Nutrient pollution, caused by excess nitrogen and phosphorus in water or air, is the number-one threat to water quality worldwide and can cause algal blooms, a toxic soup of blue-green algae that can be harmful to people and wildlife.

Sewage and wastewater
Used water is wastewater. It comes from our sinks, showers, and toilets (think sewage) and from commercial, industrial, and agricultural activities (think metals, solvents, and toxic sludge). The term also includes storm-water runoff, which occurs when rainfall carries road salts, oil, grease, chemicals, and debris from impermeable surfaces into our waterways

More than 80 percent of the world’s wastewater flows back into the environment without being treated or reused, according to the United Nations; in some least-developed countries, the figure tops 95 percent.

These facilities reduce the amount of pollutants such as pathogens, phosphorus, and nitrogen in sewage, as well as heavy metals and toxic chemicals in industrial waste, before discharging the treated waters back into waterways.

Oil pollution
Big spills may dominate headlines, but consumers account for the vast majority of oil pollution in our seas, including oil and gasoline that drips from millions of cars and trucks every day. Moreover, nearly half of the estimated 1 million tons of oil that makes its way into marine environments each year comes not from tanker spills but from land-based sources such as factories, farms, and cities.

At sea, tanker spills account for about 10 percent of the oil in waters around the world, while regular operations of the shipping industry through both legal and illegal discharges contribute about one third. Oil is also naturally released from under the ocean floor through fractures known as seeps.

Radioactive substances
Radioactive waste is any pollution that emits radiation beyond what is naturally released by the environment. It’s generated by uranium mining, nuclear power plants, and the production and testing of military weapons, as well as by universities and hospitals that use radioactive materials for research and medicine. Radioactive waste can persist in the environment for thousands of years, making disposal a major challenge.

Signs/Symptoms of Drinking Contaminated Water
First, it’s important to know the health effects people experience may or may not present themselves immediately. Further, factors such as the overall health, age, and physical condition of the person determine the extent of the actual effects experienced.

Some of the more commonly reported problems experienced from drinking impure water include, but are not limited to, the following waterborne illnesses:

Gastrointestinal Problems
Diarrhea
Nausea
Intestinal or Stomach Cramping
Intestinal or Stomach Aches and Pains
Dehydration
Death
Keep in mind, just because no signs or symptoms are experienced, it does not mean there are no potential long term effects.

Protecting Yourself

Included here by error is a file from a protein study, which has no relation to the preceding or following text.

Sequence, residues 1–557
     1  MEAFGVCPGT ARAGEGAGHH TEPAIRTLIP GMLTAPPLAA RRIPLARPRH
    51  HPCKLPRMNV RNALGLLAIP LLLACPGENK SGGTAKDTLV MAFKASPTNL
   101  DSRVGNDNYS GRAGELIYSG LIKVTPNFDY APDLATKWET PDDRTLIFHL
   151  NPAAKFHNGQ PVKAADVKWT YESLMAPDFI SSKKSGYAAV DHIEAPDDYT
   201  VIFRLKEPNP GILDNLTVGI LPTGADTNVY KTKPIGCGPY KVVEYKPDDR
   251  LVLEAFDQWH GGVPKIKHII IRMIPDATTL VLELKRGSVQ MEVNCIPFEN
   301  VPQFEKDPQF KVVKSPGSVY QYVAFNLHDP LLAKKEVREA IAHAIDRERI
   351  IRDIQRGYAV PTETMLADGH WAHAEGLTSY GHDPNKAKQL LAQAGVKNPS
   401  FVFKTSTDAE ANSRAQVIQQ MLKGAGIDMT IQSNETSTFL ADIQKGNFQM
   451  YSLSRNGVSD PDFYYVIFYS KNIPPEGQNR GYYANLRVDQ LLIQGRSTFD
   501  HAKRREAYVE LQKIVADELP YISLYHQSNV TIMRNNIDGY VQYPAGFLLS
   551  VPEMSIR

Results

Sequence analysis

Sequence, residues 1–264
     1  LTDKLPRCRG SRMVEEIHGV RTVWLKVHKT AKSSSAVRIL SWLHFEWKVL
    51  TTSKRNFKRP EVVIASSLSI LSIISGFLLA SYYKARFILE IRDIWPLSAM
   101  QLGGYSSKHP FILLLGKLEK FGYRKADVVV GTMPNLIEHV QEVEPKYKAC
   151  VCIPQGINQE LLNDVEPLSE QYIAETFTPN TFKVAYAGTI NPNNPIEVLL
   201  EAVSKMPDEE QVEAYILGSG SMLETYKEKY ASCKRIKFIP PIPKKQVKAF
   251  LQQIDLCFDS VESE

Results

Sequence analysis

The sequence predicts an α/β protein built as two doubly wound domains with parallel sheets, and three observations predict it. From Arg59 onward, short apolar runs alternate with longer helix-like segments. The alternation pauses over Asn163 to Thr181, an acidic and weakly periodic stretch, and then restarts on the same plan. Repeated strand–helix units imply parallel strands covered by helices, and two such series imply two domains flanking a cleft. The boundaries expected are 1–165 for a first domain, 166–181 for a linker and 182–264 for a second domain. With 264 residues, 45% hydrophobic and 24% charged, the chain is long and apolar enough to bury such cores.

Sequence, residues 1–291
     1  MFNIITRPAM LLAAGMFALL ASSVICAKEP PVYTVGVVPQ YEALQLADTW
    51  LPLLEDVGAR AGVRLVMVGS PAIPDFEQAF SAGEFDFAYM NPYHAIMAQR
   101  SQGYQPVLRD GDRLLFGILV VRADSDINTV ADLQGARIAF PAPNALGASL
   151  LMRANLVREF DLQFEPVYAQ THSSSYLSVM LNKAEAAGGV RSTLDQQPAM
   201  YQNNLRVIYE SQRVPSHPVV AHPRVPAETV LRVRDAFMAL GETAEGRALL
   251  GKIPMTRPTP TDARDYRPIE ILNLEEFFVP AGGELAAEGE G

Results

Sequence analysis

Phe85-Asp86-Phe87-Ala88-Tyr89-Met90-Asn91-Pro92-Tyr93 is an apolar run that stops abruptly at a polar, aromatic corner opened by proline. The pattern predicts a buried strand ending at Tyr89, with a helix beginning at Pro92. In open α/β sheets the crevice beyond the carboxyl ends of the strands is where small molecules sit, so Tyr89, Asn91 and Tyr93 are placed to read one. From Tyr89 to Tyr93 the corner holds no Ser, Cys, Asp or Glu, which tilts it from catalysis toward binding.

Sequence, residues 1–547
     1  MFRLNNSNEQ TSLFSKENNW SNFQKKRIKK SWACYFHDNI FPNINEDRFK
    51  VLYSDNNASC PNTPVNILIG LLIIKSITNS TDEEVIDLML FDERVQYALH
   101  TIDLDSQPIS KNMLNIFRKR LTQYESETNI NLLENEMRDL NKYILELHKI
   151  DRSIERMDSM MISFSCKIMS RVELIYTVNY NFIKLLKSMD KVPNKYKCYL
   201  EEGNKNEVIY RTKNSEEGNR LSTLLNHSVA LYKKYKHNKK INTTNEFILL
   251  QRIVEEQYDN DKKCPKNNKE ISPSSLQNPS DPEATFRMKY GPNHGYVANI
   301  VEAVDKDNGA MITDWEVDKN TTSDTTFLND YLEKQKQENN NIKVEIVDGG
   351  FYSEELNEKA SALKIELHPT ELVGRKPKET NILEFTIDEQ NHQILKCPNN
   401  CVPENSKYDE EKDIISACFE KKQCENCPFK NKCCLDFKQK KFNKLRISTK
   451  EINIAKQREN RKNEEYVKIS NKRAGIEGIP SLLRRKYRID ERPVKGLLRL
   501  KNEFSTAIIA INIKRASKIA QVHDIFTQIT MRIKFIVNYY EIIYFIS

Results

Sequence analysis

If you suspect something is wrong with your tap water, contact your public water utility immediately. You may also wish to have your household water tested.

Red Flags That Your Water May Be Contaminated

It Looks Funny
Your tap water should always be clear. If it looks cloudy or milky, set it down for a few minutes to see if it clears up. If it does, your water might have just contained trapped air bubbles. If it stays cloudy or foamy, your water could contain elevated levels of heavy minerals or something worse. In that case, it’s time to get your water tested.
It Smells Strange
If your water has an unusual smell, it could be contaminated, but oftentimes contaminants have no smell. A strong rotten egg smell can indicate that your water contains high levels of sulfur. This is usually not dangerous, but it can be unappetizing. Likewise, if your water tastes like a swimming pool, it may contain high levels of chlorine. A water filter may help eliminate excess chlorine and sulfur.
It Tastes Funny
Oftentimes, contaminants have no taste, but in some cases they might. In Flint, Michigan, residents said the water tasted strange, smelled bad and had a brownish color.
If you have reason to believe your water supply is contaminated, switch to using bottled water for cooking, drinking, brushing your teeth and making ice.

In some situations, boiling your water will make it safe to consume. If your water authority issues a boil water advisory, bring your water to a vigorous boil for one minute. This will ensure that all bacteria and other microbes are killed and will make the water safe for drinking, cooking and ice making.

Unfortunately, boiling water won’t get rid of other types of contaminants and may even make the water worse. Boiling water that contains PFAS, for instance, will actually concentrate the chemicals and increase your health risks

On a household basis, there are also a number of things you can do to reduce the pollution of our water.